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Insects

  • Antlion
  • Beautiful demoiselle, or black-winged damselfly
  • Birch leaf roller
  • Buzzer midge
  • Click beetle
  • Cockchafer
  • Colorado beetle
  • Common Blue
  • Common brimstone
  • Common club-tail
  • Common green shieldbug
  • Common house mosquito  
  • Common pond skater
  • Common stag beetle
  • Common wasp
  • Common water scorpion
  • European hornet
  • Eyed hawk-moth
  • Firebug
  • Forest cockroach
  • Forest ground beetle
  • Garden spider
  • Garden tiger moth
  • Great diving beetle
  • Gypsy moth
  • Honeybee
  • Large poplar longhorn beetle
  • Large white
  • Longhorn beetle
  • Mantis
  • Old World swallowtail
  • Painted lady
  • Pale giant horse-fly
  • Peacock butterfly
  • Peppered moth
  • Red admiral
  • Red ant
  • Red-tailed bumblebee
  • Rose chafer
  • Seven-spot ladybird
  • Silver-washed fritillary
  • Soldier beetle
  • Steppe grasshopper
  • Striped shield bug
  • Variable damselfly
  • Wasp spider
  • Water boatman
  • Yellow-winged darter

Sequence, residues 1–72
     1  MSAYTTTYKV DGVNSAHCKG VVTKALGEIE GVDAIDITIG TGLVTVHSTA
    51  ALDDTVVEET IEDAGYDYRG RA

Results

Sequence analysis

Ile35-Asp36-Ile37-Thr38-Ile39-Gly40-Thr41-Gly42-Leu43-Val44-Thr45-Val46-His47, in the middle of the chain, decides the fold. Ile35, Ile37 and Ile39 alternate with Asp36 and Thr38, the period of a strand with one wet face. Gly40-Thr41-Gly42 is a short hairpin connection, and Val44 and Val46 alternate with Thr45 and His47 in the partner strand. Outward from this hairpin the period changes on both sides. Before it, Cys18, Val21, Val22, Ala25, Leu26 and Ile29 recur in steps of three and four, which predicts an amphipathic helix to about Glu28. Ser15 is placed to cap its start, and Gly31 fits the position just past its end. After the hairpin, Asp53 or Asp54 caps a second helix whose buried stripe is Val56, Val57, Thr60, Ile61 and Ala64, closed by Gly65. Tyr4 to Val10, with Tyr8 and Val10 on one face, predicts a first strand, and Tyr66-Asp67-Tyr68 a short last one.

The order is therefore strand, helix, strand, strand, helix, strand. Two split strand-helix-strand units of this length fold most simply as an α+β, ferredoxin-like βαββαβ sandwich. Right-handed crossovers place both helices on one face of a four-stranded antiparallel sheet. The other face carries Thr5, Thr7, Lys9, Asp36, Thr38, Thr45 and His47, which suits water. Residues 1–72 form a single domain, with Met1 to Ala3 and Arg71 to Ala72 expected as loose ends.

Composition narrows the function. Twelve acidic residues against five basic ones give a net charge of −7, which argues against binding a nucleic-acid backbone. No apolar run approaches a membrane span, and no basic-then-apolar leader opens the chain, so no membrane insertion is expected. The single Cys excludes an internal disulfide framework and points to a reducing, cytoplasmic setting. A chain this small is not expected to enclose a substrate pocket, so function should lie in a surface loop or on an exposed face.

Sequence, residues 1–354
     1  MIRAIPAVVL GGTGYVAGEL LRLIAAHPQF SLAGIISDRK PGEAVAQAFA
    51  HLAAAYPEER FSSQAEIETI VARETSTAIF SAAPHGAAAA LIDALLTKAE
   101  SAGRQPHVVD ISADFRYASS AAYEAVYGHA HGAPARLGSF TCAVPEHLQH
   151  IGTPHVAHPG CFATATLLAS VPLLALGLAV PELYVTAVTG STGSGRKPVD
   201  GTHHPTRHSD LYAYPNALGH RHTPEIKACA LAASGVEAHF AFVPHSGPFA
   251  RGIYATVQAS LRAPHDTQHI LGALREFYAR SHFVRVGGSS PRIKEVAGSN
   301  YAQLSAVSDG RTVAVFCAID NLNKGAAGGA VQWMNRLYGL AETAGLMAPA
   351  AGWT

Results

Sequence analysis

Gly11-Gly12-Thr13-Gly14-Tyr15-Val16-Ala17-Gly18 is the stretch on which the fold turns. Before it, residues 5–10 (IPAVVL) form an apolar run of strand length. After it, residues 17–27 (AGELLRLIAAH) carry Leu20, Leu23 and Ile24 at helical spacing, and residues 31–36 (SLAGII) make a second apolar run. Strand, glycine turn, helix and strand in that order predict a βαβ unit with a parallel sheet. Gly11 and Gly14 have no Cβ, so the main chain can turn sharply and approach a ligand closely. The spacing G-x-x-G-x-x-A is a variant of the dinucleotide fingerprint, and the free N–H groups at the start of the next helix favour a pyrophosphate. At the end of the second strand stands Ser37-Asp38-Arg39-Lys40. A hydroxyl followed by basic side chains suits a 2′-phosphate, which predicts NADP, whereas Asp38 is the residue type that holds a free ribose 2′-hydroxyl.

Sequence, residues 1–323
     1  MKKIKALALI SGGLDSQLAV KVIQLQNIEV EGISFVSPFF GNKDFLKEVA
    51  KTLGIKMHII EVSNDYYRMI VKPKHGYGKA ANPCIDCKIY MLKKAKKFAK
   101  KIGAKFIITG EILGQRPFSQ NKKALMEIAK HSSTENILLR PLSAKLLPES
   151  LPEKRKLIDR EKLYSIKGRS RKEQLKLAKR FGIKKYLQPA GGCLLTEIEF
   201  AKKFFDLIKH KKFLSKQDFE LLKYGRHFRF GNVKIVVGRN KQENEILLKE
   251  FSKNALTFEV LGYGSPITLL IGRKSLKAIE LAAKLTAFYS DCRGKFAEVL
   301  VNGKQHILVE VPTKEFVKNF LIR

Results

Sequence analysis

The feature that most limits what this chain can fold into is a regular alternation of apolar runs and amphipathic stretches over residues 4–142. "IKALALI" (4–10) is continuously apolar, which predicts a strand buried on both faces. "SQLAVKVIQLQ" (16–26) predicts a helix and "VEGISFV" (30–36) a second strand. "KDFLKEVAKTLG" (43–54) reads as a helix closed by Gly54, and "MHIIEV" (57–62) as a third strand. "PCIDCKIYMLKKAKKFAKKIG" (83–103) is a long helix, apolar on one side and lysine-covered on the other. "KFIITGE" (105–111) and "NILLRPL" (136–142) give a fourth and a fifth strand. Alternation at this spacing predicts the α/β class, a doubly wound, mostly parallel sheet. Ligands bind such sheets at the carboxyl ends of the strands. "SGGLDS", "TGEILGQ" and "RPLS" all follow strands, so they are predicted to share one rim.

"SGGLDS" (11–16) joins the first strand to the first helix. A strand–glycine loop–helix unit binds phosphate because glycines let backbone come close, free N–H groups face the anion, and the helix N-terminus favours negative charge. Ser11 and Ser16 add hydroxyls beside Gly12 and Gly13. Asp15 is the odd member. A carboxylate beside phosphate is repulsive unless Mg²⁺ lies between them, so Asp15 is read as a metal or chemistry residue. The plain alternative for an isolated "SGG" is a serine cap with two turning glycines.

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Garden spider

Araneus diadematus

Description:
The female garden spider grows to be 20 millimetres long, while the male of the species reaches only 9 millimetres in length. The garden spider is pale brown and has a distinctive white marking on its abdomen, in the form of a cross.

Habitat:
Common in Europe, the garden spider inhabits gardens, parks, forests and shrubby areas.

Habits:
The garden spider spins a more or less vertical orb web to catch prey, usually well off the ground on bushes and fences, or between the branches of trees. It envelops the captured insects with web threads and injects them with saliva in order to flood them with digestive enzymes. Garden spiders lays their eggs in September in silken bags fixed in crevices in tree bark or under window-sills. Young spiders hatch in spring, become adults the following summer and die after reproducing.

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